Introducing the Young YOU!

December 11, 2018

Written By


Last week, I had the privilege of cleaning out my mother’s home of forty-five years.  The happy news is that she is still super healthy and living in Melbourne, Forida, equidistant between my two brothers.  Her home in Ft. Lauderdale (the one I was emptying) was extremely organized, but she did have 3400 square feet pretty much completely full, despite the fact that she had been living in her new digs for about four years.

I learned a great deal about my mother the week I spent cleaning out the house, and one of the most obvious things was that she treasured written communication–she had saved piles (all carefully labeled, of course) of cards and letters dating back years.  The oldest was from 1865, thanks to a deceased great aunt! It was unrealistic to save all of these missives, but I read through nearly all of them in an effort to insure I was not disposing of something important.

Initially, I was taken aback by this daunting task–I admit to being frustrated at times by the volume of material to dig through.  But then I would come across something written by someone long gone that made me laugh out loud, or set my mind wondering about some curious topic.

Interestingly enough, the letters that tickled me the most were those written by me as a tiny child.  The eight-year-old Beth was quite creative, and a bit nerdy, with a bubbly, bold, and sometimes biting sense of humor.  Who is this tiny girl, I would muse? Where has she gone?

Sometimes I feel that days pass now without sharing a really hearty belly-laugh with someone.  Sometimes I think the truly meaningful conversations I share are separated by a week or more at a time.  I wonder if life itself has a tendency to press the humor out of us, and leave us much more serious than God intended we be.

One of my favorite’s, Bob Goff, author, speaker and lover of Jesus–talks about holding onto that childhood version of yourself: “Don’t forget the eight-year-old version of you.  Like that winsome, wonderful, exciting… you weren’t worried about how to make rent or pay taxes. I would say, take that eight year old version, and hold them by the hand…”

You may not have the gift of hearing your voice echoing from childhood, as I have, but consider how we might all return to a simpler, freer, carefree, fun mindset as demonstrated by the nearest eight year old child.

I would love to hear your stories about similar tasks you faced, encountering the young you, or anything else you care to share!



  1. kathryn W buffler

    You are so right Beth. It does seem like the everyday living can squeeze the hugs right out of us!

    • Beth Graham

      It can, Kathryn, which is why I was grateful for the gift of a “window into my eight-year-old world.” I wonder whether there is a way to check ourselves periodically, and evaluate where we are in this regard… does it require such a window, to compare our present-day person to? Or do we have the ability to say, independent of such a reminder, “Gosh, I’m really acting like a stick-in-the-mud… I need to up the Joy Factor in my life?! Thanks for reading, and responding!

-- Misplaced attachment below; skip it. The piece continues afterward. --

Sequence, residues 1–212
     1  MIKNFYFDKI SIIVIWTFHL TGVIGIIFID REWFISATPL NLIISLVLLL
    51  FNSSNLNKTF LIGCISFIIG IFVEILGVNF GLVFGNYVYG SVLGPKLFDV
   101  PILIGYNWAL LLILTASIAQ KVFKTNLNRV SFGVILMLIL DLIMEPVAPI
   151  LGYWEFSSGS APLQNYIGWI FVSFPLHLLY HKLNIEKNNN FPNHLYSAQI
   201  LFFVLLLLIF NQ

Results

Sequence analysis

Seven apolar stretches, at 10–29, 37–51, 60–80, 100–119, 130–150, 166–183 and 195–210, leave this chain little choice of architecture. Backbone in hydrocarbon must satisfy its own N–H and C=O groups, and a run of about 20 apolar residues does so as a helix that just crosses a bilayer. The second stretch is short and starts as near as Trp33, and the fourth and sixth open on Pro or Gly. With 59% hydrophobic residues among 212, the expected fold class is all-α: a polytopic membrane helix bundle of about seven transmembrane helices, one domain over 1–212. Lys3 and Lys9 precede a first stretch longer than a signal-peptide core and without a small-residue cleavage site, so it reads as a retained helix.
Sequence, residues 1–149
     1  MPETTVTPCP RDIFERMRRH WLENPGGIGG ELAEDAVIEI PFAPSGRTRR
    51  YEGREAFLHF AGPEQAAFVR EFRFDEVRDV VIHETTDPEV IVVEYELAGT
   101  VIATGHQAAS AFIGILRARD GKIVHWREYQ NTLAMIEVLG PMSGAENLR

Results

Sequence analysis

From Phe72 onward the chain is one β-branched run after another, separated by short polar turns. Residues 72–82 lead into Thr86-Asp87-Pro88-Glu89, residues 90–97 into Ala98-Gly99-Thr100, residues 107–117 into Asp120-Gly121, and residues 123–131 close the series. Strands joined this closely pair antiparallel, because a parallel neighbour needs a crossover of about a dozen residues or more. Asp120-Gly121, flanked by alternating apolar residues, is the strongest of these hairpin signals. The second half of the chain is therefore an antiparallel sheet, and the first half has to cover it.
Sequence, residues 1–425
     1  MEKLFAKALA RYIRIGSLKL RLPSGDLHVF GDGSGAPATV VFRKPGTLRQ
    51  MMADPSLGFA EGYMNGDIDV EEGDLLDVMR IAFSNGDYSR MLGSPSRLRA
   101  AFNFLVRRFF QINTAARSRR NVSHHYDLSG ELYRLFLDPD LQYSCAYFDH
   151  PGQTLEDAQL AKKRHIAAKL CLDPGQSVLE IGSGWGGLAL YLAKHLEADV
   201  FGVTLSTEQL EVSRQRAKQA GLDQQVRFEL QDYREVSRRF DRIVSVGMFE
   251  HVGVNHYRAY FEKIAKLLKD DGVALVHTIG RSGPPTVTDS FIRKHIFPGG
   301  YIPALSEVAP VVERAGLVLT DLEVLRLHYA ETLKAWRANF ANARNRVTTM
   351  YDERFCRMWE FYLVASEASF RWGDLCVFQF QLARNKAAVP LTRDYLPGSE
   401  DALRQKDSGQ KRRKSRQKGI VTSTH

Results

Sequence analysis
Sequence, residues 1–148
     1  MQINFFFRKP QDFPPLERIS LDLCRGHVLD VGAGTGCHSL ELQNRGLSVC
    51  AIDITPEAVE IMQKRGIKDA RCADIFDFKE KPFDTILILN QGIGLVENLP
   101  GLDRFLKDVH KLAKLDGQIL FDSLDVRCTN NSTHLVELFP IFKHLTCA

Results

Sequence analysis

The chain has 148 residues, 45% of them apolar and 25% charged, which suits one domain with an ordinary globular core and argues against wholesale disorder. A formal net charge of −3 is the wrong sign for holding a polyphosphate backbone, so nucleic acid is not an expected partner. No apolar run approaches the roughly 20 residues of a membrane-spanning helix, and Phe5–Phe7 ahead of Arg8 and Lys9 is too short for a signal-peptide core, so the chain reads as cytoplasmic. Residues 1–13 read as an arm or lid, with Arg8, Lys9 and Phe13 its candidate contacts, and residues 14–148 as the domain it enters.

2. Janine

    Could it be that we become better versions of that child as life transforms us, as God’s grace empties into our soul as we grow old? The seriousness of life blended with a searching for meaning and purpose of life (to know God , to Love God and to Serve Him…….Baltimore catechism.) is yielding for me that carefree child. Trusting EVERYTHING to Him , Why , I feel giddy (like a child!) Additionally, maturity has curbed the cheeky precocious 10 year old; I hope!

    I have done a very similar “clean out” and appreciate the fatigue and emotional drain of this task and yet , even this un-childlike task is freeing and adds to our new youthful self. Lastly, don’t have a bonfire yet , zip drives make great archives and as a teen I loved bonfires….ok so I’m not 10 yet , settling for 15 (which I enjoyed and my serious parents did not) !

    • Beth Graham

      I think it depends upon the person, don’t you? I have an eighty-three year old mentor–who I plan to introduce to all of you soon–who is fun and fearless and I’m sure entirely in touch with her eight-year-old self. I know people much younger who have all but succumbed to the weight of daily living and the trials that come with it.

      But I agree with you that being filled with God’s spirit is a sure way to maintain a sense of joy and wonder in our lives. In fact, I’d go so far as to say God’s spirit embodies joy and wonder!

      Clean-out is, indeed, freeing… we will have more discussion on that topic in an upcoming post. I’m so grateful for your response!


Submit a Comment

Your email address will not be published. Required fields are marked *

Beth Graham

Newsletter Subscription

Be the first to hear about the latest: